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Suppressing quasiparticle-induced relaxation in superconducting qubits

Date: Thursday, February 15, 2018 11:00 - 11:15
Speaker: Amin Hosseinkhani (Forschungszentrum Juelich)
Location: Big Seminar room Ground floor / Office Bldg West (I21.EG.101)
Series: Physical Sciences Seminar
Host: Maksym Serbyn
Lab building west seminar room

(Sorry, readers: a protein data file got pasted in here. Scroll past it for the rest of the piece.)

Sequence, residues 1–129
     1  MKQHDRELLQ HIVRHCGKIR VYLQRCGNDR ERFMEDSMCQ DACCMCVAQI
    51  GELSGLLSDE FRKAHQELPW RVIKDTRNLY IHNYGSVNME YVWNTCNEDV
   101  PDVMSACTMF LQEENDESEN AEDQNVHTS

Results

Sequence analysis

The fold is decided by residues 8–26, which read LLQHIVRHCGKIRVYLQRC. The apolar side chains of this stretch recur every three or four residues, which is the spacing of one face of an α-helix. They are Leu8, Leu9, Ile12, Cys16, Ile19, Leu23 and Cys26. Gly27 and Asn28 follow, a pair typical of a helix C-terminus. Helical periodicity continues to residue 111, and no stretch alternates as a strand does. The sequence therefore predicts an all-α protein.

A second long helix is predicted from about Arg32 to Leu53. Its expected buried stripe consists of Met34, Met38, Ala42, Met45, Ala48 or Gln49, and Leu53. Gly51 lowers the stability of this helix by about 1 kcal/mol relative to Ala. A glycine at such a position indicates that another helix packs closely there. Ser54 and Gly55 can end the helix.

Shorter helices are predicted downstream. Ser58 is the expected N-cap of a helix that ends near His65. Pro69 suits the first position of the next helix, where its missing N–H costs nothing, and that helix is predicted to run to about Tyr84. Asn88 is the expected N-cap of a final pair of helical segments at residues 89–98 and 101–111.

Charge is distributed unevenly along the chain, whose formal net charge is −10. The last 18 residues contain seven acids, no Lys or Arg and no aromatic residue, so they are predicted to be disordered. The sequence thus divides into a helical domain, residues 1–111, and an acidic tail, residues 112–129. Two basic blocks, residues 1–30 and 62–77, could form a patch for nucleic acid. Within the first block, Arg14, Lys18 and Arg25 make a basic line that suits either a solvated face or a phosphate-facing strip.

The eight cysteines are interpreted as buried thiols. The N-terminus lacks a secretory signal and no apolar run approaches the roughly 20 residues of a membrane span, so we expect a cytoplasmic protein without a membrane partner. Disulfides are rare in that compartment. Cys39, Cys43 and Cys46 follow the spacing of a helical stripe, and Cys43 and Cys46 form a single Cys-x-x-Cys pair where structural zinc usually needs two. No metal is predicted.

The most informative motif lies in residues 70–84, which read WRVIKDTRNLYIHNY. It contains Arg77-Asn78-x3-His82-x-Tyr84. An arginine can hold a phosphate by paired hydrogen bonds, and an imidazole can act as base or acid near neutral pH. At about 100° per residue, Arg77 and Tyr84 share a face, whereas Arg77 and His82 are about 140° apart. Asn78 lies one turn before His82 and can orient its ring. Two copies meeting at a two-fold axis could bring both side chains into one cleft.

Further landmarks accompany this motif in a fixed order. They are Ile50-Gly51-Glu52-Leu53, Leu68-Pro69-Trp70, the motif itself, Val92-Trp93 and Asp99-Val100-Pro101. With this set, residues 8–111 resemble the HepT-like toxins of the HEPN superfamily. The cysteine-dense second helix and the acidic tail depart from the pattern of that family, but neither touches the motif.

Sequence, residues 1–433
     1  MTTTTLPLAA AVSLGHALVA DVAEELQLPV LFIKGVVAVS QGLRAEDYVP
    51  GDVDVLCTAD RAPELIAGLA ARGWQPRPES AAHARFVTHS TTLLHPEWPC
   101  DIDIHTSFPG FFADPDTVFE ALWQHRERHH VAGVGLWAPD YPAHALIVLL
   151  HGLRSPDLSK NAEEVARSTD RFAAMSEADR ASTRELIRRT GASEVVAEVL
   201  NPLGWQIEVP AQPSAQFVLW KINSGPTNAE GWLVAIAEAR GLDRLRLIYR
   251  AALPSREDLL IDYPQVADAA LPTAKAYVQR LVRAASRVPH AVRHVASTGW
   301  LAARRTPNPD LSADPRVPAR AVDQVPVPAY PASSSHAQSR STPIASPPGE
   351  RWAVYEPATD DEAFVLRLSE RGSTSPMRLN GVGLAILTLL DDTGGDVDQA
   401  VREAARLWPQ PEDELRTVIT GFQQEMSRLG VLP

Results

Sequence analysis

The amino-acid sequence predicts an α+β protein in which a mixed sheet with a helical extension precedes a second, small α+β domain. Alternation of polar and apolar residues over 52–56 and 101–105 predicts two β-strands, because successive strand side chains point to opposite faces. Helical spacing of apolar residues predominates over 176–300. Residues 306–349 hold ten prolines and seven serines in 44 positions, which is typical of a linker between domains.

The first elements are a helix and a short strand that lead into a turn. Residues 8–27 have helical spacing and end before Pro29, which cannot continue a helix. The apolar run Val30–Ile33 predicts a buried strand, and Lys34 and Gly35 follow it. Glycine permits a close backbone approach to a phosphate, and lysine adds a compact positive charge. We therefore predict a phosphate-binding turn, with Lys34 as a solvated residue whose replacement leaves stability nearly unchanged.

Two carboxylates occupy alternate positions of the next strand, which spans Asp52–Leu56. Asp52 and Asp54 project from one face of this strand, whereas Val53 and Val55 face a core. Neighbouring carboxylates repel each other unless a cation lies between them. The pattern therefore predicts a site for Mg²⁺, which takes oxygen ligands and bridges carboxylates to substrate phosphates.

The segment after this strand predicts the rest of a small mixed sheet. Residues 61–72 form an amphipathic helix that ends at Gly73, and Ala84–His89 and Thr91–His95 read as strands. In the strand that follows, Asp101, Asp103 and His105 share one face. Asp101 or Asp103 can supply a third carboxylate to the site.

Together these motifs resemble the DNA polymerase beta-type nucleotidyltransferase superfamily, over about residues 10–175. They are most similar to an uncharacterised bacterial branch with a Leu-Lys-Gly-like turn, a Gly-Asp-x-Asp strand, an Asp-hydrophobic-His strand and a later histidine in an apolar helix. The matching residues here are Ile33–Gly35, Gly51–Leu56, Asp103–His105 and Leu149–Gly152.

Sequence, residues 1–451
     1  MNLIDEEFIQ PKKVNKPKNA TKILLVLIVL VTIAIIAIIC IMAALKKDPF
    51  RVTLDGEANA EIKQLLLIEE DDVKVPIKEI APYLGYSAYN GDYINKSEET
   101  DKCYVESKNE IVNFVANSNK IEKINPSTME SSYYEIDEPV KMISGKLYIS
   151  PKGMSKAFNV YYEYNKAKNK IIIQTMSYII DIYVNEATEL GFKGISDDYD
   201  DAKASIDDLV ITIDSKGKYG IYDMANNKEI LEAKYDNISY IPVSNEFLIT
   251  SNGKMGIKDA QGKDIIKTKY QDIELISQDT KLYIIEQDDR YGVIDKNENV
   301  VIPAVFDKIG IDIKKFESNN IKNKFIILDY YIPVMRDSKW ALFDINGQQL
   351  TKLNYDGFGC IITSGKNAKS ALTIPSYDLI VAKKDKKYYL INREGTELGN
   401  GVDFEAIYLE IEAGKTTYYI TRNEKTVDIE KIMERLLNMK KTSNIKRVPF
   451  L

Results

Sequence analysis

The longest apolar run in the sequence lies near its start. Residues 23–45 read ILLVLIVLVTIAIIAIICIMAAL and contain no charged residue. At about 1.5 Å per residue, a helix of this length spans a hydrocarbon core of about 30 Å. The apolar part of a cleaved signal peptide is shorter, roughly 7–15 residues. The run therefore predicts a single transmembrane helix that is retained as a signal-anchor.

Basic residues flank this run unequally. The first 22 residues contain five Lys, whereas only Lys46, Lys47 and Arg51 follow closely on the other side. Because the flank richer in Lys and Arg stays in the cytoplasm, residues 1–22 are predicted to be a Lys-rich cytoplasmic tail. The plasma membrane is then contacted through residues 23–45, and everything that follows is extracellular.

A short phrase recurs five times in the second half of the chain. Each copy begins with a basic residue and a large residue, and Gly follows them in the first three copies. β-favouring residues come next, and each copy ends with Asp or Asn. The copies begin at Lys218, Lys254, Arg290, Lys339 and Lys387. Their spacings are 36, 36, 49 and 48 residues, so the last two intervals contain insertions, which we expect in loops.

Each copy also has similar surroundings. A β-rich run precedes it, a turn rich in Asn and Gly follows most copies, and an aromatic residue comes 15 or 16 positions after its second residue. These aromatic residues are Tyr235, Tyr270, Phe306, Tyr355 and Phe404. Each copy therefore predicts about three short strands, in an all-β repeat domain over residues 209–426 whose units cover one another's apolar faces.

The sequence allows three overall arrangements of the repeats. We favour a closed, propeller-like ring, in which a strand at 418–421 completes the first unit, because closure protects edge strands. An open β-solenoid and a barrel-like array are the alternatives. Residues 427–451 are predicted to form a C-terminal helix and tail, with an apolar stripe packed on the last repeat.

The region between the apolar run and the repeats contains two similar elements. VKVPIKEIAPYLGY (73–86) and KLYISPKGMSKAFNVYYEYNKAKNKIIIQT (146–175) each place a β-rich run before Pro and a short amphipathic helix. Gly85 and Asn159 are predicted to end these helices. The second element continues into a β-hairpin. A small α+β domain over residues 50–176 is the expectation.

Superconducting qubits are among the most promising candidates for quantum information processing. An important decoherence mechanism for these qubits originates from interaction between phase degree of freedom with quasiparticle excitations that are tunneling through the Josephson junction. In this talk, I will review qubit relaxation induced by quasiparticle tunneling and discuss some experiments showing that quasiparticles are limiting the qubit coherence. I then explain how a normal-metal island in tunnel contact with the superconducting electrode of a qubit can act as a sink for quasiparticles, thus improving the qubit's coherence time. We develop theoretically and validate experimentally a model for the effect of a single small trap on the dynamics of excess quasiparticles injected in a transmon-type qubit. We find that the slow energy relaxation inside the normal-metal trap is the bottleneck for quasiparticle trapping [1]. Optimizing quasiparticle traps is possible so long as the trap size is larger than a certain characteristic length. Such optimized traps lead to quick evacuation of the excess quasiparticle density and at the same time suppression of the steady-state density and its fluctuations- this can render the qubit more stable in time [2]. We then study how the superconducting proximity effect due to normal metal-superconductor contact can influence the qubit performance. The competition between proximity effect and quasiparticle density suppression leads to an optimum trap-junction distance at which the qubit relaxation rate is minimized. For a transmon qubit, we find this optimum distance to be of the order of 4 to 20 coherence lengths; the harmful influence of the proximity effect can be avoided so long as the trap is farther away from the junction than this optimum [3]. [1] R.-P. Riwar, A. Hosseinkhani, L. D. Burkhart, Y. Y. Gao, R. J. Schoelkopf, L. I. Glazman and G. Catelani, Phys. Rev. B 94, 104516 (2016) [2] A. Hosseinkhani, R.-P. Riwar, R. J. Schoelkopf, L. I. Glazman, and G. Catelani Phys. Rev. Applied 8, 064028 (2017) [3] A. Hosseinkhani and G. Catelani, arXiv:1712.05235
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